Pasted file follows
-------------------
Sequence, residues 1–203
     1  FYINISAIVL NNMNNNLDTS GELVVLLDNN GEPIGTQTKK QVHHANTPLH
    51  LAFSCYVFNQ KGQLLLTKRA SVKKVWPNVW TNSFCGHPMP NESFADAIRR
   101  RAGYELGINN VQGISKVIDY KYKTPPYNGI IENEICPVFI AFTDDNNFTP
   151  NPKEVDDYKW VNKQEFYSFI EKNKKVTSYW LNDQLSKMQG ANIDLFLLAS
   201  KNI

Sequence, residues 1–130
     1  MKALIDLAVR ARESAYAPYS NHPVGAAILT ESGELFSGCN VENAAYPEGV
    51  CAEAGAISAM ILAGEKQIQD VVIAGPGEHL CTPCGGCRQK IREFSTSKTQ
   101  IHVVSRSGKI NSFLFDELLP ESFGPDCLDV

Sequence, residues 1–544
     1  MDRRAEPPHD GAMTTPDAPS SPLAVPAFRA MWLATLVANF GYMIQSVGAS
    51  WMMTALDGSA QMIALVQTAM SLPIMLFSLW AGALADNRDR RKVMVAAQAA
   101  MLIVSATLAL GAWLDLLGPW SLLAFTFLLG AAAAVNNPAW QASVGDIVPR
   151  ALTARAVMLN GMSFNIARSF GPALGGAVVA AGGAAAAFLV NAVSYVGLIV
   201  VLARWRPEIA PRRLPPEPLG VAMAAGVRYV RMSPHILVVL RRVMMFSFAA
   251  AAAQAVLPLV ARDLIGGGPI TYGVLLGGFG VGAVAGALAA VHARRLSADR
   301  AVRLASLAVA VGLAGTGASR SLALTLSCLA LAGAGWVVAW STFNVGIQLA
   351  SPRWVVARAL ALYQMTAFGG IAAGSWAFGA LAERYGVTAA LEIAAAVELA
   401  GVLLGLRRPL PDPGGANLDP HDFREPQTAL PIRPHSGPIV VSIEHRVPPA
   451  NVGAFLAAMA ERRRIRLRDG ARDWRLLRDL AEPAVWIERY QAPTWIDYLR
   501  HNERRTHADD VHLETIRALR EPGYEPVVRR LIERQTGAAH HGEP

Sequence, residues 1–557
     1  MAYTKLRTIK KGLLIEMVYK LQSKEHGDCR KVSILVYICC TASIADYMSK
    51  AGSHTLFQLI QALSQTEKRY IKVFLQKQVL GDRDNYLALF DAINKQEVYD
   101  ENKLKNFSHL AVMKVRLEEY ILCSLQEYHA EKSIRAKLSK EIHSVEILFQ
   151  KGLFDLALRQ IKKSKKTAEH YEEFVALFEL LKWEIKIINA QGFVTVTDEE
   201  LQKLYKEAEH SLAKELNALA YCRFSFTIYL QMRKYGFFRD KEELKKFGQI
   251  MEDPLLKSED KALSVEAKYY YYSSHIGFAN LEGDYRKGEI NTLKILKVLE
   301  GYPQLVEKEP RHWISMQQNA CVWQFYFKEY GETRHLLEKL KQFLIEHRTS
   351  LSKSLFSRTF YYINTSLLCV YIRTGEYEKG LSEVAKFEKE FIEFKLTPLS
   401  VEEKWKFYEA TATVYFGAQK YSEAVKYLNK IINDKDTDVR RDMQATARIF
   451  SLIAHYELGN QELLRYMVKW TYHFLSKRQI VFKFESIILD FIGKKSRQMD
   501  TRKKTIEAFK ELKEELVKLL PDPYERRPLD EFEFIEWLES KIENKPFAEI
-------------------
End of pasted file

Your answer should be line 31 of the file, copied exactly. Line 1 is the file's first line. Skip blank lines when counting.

   351  LSKSLFSRTF YYINTSLLCV YIRTGEYEKG LSEVAKFEKE FIEFKLTPLS